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Opponents of an Ohio bill to ban the teaching of divisive concepts in schools are taking action

High school students listen to a teacher in their class
Daniel Konik
Statehouse News Bureau
High school students listen to their teacher in class.

The coalition of more than 30 educational groups plan to meet at the Ohio Statehouse Wednesday

The Ohio House bill, was assigned to the State and Local Government Committee last June and hasn't been passed out of it yet. But that hasn't stopped teachers, parents, and others who oppose the legislation from banding together to fight the bill that would prevent K-12 schools from teaching so-called "divisive" content. A coalition of more than 30 educational groups plans to come to the Statehouse Wednesday to speak out against it.

A group calling itself “Honesty for Ohio Education” plans to oppose the bill that "would ban teaching, advocating, or promoting divisive concepts on race and history." Pete Van Lier is one of the founders of the group and says the goal in school should not be to avoid controversy.

“It might make people uncomfortable and that’s part of education – stretching ourselves and learning more about things we might not have known," Van Lier says.

CRT protest confrontation in downtown Columbus, Ohio, September 2021
Karen Kasler
Statehouse News Bureau
A confrontation at the anti-'critical race theory' protest at the Ohio Department of Education on September 20, 2021, between a counter-protestor and a supporter of bills to ban the teaching of what sponsors call 'divisive concepts' on race, history and public policy.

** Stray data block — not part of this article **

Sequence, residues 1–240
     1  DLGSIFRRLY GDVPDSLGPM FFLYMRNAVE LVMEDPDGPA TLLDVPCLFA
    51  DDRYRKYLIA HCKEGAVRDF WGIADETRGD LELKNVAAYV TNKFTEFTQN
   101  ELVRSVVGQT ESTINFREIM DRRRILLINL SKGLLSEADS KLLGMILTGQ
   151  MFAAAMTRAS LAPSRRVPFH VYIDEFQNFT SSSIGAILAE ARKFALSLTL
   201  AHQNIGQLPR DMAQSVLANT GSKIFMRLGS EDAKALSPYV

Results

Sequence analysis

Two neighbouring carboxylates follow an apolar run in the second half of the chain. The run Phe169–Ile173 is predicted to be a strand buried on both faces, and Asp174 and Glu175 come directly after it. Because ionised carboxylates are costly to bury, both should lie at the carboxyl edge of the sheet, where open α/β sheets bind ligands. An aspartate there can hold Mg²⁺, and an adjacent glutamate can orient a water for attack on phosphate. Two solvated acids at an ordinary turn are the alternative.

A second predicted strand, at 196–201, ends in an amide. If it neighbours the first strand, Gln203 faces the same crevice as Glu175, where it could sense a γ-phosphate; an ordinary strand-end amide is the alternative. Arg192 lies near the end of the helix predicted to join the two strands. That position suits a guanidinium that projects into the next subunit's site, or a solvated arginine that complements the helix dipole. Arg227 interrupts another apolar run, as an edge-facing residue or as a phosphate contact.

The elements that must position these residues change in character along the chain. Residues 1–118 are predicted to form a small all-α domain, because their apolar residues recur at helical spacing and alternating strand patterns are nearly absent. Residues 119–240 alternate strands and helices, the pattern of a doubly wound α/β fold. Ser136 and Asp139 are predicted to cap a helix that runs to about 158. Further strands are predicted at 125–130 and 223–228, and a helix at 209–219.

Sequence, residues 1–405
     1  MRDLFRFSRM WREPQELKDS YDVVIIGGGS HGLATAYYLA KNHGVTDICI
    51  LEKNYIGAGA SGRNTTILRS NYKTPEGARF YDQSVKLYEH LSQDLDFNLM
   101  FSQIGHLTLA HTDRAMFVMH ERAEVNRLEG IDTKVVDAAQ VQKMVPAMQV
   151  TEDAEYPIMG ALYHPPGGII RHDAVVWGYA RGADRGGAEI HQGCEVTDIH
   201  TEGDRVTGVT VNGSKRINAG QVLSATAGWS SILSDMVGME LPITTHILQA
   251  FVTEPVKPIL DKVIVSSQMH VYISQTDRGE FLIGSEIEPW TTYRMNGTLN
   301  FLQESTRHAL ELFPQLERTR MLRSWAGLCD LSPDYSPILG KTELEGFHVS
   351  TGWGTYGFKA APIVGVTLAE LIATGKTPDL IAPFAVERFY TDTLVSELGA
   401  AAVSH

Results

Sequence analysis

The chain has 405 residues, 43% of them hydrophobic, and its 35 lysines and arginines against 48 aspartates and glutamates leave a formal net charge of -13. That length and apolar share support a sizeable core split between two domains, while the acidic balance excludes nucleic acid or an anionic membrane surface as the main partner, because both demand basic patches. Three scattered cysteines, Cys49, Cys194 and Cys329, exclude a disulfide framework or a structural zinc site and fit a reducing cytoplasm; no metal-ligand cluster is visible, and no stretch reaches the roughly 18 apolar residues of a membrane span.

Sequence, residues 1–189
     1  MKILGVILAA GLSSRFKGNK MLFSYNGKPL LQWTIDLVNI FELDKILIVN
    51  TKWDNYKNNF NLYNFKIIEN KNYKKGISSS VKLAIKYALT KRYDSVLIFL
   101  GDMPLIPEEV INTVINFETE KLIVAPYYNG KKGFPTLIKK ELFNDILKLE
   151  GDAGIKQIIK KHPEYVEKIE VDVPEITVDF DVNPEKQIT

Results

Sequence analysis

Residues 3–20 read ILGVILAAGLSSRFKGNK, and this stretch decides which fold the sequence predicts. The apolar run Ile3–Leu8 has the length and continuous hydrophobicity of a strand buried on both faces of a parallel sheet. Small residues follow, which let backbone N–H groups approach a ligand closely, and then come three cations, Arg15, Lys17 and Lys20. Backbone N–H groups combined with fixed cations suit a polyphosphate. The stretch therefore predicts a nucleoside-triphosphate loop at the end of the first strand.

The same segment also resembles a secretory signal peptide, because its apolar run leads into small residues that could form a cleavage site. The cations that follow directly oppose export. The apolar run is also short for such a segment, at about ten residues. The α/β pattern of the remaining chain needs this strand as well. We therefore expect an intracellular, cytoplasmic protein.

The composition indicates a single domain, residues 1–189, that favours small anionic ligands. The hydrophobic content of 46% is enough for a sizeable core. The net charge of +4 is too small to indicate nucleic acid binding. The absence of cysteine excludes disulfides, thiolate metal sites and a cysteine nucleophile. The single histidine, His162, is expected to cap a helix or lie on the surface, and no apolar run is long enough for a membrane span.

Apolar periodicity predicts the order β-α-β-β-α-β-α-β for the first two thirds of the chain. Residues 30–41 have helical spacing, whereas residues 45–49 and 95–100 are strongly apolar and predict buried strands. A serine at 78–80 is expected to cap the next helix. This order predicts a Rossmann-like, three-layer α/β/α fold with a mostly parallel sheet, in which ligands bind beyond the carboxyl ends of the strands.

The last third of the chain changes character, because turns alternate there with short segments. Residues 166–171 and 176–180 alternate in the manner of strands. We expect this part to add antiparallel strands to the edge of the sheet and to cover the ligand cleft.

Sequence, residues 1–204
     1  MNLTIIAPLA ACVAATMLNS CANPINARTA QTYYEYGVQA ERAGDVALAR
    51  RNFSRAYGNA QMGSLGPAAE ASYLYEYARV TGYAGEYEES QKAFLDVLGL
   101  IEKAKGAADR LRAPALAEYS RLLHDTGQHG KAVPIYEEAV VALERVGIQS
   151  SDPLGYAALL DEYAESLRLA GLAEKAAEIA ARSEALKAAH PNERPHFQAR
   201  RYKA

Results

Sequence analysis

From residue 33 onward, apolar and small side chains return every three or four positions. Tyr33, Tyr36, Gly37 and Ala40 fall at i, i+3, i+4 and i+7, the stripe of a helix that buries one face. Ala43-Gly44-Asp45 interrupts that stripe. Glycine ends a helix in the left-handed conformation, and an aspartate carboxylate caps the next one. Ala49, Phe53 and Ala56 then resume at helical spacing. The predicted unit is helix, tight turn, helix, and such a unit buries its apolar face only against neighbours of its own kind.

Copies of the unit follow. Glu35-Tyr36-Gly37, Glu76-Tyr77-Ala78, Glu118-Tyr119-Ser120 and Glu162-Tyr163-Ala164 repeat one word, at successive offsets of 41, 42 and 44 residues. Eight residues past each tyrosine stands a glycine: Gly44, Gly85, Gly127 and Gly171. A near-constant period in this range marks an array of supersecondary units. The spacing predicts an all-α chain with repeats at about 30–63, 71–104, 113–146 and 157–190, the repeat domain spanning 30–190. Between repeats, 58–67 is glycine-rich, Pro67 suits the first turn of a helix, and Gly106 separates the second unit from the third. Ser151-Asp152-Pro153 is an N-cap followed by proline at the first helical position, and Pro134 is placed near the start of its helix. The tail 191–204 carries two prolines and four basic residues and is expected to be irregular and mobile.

Republicans nationwide as well as here in Ohio have been talking a lot about parental rights when it comes to what students are being taught. Critical Race Theory, a graduate school concept not taught in K-12 schools in Ohio, is often referred to as the catchphrase for teaching about issues involving race or gender. The Republican sponsors of this legislation say it would give parents more of a voice in what their children learn. In addition to this bill, there is another that would ban the teaching of so-called "critical race theory" in Ohio public schools.

Recently, the College Board, which accredits high school AP classes, laid out seven principles that must be met in order for students to get credit. Those include "fostering an open-minded approach to the histories and cultures of different peoples." The College Board also says it opposes indoctrination and censorship. Calls placed to the College Board for comment were not returned.

Contact Jo Ingles at
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